BASF collaborates with Pasqal on weather modeling and more

By Dan O'Shea posted 22 Jul 2022

Pasqal, the developer of neutral-atoms quantum processors, announced a partnership with Germany’s BASF, the world’s largest chemical company, to explore how Pasqal’s proprietary quantum algorithms could be used on weather-related projects and other computational fluid dynamics applications.

According to Pasqal, BASF already has begun in an initial two-year phase of the project, to look at how its algorithms eventually could be used to predict weather patterns, work which also can be fed back into Pasqal’s efforts to work on and support climate modeling.

Benno Broer, Chief Commercial Officer at Pasqal told IQT News via email, “Concretely this project aims to parameterize (tailor, make application specific), implement (run) and test (benchmark) Pasqal’s proprietary family of quantum algorithms for solving differential equations: the so-called Differentiable Quantum Circuits (DQC) family of algorithms (see, for instance to the problem of prediction weather patterns. Part of the research will also focus on a neutral-atoms specific analog-digital way of implementing the DQC family of algorithms.

According to Hyperion Research, 5% of global high performance computing investments are focused on weather modeling, and numerous non-linear differential equations need to be solved on physics-based weather models, as they can involve a complex array of data on winds, heat transfer, solar radiation, relative humidity, terrain topology, and many other parameters.

BASF uses parameters generated by the weather models to simulate crop yields and growth stages as well as to predict drift when applying crop protection products. They also form the basis of BASF’s digital farming product portfolio including xarvio FIELD MANAGER, an advanced crop optimization platform.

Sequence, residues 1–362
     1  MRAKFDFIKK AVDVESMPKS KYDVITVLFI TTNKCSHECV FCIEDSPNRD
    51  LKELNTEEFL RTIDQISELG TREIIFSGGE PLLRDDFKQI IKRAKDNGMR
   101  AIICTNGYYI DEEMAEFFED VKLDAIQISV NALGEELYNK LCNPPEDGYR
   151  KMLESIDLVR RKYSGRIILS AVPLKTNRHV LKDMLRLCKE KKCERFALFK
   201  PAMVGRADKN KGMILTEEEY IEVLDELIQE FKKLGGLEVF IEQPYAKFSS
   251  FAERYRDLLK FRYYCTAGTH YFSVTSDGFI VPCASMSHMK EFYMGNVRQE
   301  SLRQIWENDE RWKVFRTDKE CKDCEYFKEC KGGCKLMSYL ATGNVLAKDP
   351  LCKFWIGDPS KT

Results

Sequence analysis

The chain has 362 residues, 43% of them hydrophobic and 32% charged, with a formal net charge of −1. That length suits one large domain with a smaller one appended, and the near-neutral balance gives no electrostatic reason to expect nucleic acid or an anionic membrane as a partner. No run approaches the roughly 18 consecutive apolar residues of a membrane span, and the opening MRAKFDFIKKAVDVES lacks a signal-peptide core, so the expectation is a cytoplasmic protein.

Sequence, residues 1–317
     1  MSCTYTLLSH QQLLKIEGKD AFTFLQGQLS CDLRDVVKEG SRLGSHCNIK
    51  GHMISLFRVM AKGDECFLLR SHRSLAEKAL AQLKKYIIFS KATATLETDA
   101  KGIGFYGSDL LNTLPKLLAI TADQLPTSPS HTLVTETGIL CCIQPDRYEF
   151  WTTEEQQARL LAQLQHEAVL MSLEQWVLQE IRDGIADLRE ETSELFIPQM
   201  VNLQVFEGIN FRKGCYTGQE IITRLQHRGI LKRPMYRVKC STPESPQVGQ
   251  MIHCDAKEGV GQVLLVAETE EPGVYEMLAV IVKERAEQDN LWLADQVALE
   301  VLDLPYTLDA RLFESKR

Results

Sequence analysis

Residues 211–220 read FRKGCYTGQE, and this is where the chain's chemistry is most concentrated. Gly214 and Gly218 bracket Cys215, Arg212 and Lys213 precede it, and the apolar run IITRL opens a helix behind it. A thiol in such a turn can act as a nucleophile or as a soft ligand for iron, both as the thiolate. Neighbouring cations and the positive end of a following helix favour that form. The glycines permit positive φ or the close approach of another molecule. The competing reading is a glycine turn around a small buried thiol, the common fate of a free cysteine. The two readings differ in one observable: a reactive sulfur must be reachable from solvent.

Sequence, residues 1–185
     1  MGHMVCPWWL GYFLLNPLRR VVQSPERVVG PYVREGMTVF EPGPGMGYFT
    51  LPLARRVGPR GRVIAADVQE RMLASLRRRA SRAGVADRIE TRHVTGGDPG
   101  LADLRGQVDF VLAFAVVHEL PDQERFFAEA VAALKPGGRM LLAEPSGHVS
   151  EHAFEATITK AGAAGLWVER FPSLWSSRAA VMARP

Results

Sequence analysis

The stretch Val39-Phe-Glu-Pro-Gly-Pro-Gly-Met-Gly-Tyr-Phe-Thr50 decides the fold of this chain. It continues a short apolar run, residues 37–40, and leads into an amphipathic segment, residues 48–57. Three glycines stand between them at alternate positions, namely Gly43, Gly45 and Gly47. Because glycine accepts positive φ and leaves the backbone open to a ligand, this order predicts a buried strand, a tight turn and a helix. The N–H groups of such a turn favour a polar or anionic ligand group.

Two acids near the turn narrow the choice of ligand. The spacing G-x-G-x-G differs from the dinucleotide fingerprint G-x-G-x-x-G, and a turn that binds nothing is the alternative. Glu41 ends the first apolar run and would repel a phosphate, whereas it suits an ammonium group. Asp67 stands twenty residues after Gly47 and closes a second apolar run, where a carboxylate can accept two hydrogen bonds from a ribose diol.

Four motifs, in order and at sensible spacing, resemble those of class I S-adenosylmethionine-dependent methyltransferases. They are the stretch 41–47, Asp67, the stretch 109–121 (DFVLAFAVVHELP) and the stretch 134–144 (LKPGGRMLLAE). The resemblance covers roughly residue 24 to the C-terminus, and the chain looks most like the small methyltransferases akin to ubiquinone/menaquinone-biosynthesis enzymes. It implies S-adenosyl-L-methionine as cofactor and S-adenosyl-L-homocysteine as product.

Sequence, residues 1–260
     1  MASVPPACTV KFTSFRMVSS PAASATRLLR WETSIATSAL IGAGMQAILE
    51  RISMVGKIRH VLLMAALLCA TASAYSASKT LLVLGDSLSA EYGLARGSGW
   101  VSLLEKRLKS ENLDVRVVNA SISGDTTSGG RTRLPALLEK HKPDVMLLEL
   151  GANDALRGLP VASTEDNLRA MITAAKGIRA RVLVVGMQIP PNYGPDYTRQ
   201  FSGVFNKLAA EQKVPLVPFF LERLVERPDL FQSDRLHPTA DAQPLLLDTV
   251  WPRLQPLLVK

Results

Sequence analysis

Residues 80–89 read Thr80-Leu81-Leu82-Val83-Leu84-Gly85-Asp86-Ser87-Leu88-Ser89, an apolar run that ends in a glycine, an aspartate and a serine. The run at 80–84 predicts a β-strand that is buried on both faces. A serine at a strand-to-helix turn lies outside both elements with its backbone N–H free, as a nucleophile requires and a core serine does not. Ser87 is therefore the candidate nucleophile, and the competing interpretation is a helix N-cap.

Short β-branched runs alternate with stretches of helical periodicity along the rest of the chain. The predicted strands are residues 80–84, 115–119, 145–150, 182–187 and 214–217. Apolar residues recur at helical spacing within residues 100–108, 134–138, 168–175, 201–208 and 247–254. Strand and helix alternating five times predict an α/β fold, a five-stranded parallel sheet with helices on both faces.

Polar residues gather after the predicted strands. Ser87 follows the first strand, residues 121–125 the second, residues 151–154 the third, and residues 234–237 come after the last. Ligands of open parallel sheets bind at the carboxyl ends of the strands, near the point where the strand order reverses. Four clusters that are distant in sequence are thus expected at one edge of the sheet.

“Pasqal’s quantum solutions are ideal for simplifying BASF’s complex computational simulations once quantum hardware matures to a point where we can actually leverage these algorithms,” said Dr. John Manobianco, Senior Weather Modeler at BASF’s Agricultural Solutions division. “Leveraging Pasqal’s innovation for weather modeling validates quantum computing’s ability to go beyond what can be achieved with classical high-performance computing. Such transformational technology can help us prepare for climate change impacts and drive progress toward a more sustainable future.”

The work that Pasqal and BASF announced this week seems particularly pertinent in light of record heat that currently tearing is across Europe. Asked what quantum computing could bring to the climate change fight in the short-term, Broer explained, “Firstly, the important problem of climate change is unlikely to be mitigated without significant changes to human behavior. However, at Pasqal we believe that technological progress could make a significant positive contribution, so that the required behavioral change remains acceptable and manageable. The key contribution of quantum to mitigating climate change is expected from its ability to enhance the performance of ‘digital twin’ type computer simulations which are quickly becoming a cornerstone of modern R&D.”

Broer continued, “Accurate ‘digital twins’ are one the most effective enabling tools to speed-up R&D into sustainable new technologies. Pasqal expects that our proprietary quantum methods to solve differential equations (like those employed in the BASF collaboration) are promising candidates for showcasing early quantum advantage as soon as 2024, although it is hard to predict when we will see quantum advantage for the specific application of weather or climate modeling (this is part of the scope of research in the collaboration with BASF).”

Aside from the work BASF is doing, another company working on digital twin technology for climate modeling is Nvidia, which has started building an AI supercomputer to create a digital twin of the entire Earth called Earth 2. Broer said such digital twins currently “are implemented through high-performance computational (HPC) workflows, which, today, are executed by single thread classical CPUs or parallel computing employing GPUs.  For the HPC applications of the future, it is likely that more diverse computational resources will be needed to handle all steps efficiently and effectively. We foresee a long-term future where each step in a HPC workflow is executed by a specialized type of computing hardware, which is best equipped to solve the specific mathematical problem to be solved in that step. And for certain steps of the future HPC workflow, quantum will be best equipped. So, quantum will become part of a diverse and hybrid HPC future workflow.”

Dan O’Shea has covered telecommunications and related topics including semiconductors, sensors, retail systems, digital payments and quantum computing/technology for over 25 years.

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